In the ’97 race, Museeuw finished 13th, the first time he’d been outside the top three in five years. There was talk in the media that his best days were behind him. Not that you’d have known it from the reception he got from the hordes watching on the roadside in 1998. The race started in bright sunshine in Bruges. Hot favourite once again, Museeuw hid in the Mapei-GB team bus until the last minute. When he finally emerged a huge cheer went up from the crowd. It barely stopped for 250 kilometres.
Museeuw, irritated by chatter that he was past it, channelled his anger superbly and on the straight, asphalt incline of Tenbossestraat – the section of the race where he’d attacked in 1993 – he powered away from his rivals with such an amazing and unexpected burst of speed, he almost crashed into the back of race director Marc Sergeant’s motorcycle. The field simply could not live with him. By the time he reached the finish in Meerbeke he was 45 seconds ahead of his pursuers and pulling away from them still.
“It wasn’t planned to attack on the Tenbosse. But the weather was good and even at that stage, with just 26km to go, there were too many riders left with a chance. I decided I should attack – as I say, by then I could sense the moment. I looked around when I got over the top expecting to have been followed, but there was only Peter Van Petegem, so I just kept on going. The chasing group had my team-mates Zanini, Peeters and Ballerini in it. I knew they would protect me.”
The small world of Flemish cycling had also come to Museeuw’s aid. “A neighbour of mine in Gistel had ridden the course on the Saturday – there is a sportive then. He told me that there was a tailwind. He said he’d been able to do 50kph on the road from the Bosberg to Meerbeke. I knew that if an amateur could do 50, I could do 60. I put my head down. Going at that speed I knew nobody could catch me. Winning the first race was special, but it’s different to ride home alone. It’s a good feeling.”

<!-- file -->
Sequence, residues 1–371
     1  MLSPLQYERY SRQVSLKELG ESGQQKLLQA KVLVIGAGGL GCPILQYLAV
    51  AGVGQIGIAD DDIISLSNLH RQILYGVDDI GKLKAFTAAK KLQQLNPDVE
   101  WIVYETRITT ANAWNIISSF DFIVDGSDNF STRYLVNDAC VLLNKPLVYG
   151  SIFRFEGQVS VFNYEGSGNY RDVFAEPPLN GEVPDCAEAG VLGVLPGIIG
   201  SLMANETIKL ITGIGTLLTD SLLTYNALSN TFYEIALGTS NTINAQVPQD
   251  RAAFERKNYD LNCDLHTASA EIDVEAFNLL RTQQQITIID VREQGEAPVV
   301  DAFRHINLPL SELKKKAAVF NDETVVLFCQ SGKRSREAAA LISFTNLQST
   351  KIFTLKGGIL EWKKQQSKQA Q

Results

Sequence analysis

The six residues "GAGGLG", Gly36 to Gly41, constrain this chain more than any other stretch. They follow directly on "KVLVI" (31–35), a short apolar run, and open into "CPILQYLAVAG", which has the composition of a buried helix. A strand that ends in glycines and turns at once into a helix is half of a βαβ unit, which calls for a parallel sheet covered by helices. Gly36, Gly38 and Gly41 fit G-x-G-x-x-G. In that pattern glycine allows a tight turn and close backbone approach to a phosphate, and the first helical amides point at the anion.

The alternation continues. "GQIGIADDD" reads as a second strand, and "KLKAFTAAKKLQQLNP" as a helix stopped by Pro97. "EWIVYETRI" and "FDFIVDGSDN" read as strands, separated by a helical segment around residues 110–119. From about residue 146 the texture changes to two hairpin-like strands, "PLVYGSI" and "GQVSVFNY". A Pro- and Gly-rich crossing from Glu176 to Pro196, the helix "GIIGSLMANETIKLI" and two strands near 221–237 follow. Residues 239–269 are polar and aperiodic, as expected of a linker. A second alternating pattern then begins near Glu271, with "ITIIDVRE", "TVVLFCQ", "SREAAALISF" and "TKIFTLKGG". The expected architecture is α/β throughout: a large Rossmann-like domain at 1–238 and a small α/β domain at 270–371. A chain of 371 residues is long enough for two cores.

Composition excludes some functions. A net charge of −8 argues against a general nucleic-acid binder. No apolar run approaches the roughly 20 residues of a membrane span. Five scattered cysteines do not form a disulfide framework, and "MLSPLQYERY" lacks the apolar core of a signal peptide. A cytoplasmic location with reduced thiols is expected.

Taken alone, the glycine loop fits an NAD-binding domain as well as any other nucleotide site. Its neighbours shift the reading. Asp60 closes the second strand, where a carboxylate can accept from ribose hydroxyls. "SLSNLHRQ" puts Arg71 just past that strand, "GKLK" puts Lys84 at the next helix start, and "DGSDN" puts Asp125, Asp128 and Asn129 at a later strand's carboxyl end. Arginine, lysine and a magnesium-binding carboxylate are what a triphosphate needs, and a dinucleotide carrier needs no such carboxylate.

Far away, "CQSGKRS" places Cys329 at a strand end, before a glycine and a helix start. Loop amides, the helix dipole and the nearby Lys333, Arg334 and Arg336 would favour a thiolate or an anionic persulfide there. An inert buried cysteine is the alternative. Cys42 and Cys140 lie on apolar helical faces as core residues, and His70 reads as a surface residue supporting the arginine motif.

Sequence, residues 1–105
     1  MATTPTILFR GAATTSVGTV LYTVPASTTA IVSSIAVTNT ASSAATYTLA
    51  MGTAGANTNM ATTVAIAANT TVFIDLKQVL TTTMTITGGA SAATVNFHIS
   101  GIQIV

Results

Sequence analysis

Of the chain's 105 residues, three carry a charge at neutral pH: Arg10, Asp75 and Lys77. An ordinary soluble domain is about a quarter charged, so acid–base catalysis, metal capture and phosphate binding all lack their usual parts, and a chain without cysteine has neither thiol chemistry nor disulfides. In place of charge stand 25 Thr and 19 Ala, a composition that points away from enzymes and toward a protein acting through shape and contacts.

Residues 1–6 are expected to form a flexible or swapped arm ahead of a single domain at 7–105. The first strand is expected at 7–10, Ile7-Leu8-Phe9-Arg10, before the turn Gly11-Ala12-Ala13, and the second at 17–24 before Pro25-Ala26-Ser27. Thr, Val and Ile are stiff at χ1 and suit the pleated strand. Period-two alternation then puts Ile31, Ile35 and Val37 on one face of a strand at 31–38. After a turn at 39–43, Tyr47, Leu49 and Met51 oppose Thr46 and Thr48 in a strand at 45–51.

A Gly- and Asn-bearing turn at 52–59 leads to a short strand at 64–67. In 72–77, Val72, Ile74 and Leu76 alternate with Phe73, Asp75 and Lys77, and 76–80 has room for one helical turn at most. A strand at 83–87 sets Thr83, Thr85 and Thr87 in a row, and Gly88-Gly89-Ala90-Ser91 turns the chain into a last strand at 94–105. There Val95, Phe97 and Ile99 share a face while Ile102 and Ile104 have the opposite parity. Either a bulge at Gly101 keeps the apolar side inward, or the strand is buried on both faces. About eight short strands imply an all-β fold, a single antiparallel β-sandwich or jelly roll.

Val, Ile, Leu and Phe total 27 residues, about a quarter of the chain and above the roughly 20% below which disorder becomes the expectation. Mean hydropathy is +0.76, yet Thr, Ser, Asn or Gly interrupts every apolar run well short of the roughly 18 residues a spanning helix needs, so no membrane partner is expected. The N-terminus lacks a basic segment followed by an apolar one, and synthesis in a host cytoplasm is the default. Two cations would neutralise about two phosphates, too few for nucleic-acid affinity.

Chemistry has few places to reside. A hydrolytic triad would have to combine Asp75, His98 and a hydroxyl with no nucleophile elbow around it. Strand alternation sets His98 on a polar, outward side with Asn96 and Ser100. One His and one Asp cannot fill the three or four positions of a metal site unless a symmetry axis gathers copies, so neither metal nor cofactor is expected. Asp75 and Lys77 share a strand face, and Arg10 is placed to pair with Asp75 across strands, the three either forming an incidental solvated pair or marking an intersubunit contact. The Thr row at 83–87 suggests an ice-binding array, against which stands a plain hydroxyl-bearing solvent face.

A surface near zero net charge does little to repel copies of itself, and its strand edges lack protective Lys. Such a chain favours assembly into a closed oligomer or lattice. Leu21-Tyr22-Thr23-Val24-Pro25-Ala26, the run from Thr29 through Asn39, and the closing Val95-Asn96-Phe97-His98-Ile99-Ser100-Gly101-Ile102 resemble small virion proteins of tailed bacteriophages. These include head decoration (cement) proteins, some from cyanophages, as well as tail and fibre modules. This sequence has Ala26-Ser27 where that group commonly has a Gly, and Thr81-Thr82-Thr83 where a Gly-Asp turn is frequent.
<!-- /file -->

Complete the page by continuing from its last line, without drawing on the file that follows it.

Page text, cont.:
The victory took Museeuw into an elite group of riders who had won the Ronde three times – Magni, of course, Eric Leman from Ledegem with victories in 1970, ’72 and ’73, on the latter occasion taking a four-way sprint against Merckx, Maertens and Willy De Geest. The other three-time winner Achiel Buysse achieved his treble during World War Two when the route was shorter and only Belgians entered. Nobody has ever won four.
Museeuw did not have long to celebrate. Less than two weeks after his triumph, the Lion of Flanders lay in a Ghent hospital, delirious with morphine as surgeons discussed the case for amputating his left leg. He’d fallen during Paris-Roubaix and in filthy conditions in the Arenberg Forest, the gash had become infected. The leg was saved, but the process of rehabilitation was long and hard. He was 32. Retirement must have been a temptation. “I never considered it, not for a moment,” he says. Museeuw wouldn’t have been a Flandrien if he’d thought of quitting.
The injury and his brave refusal to submit saw Museeuw rise from hero to idol. In 1999, the route of the Ronde was tweaked to take in his home town of Gistel for the first time. A week before, in Zottegem during the Three Days of De Panne, I watched him emerge from the Mapei-Quickstep team bus. Tequila Sunrise by The Eagles was blaring from the speakers and, as he descended into a thicket of waving microphones and tape recorders, he seemed more rock god than sportsman.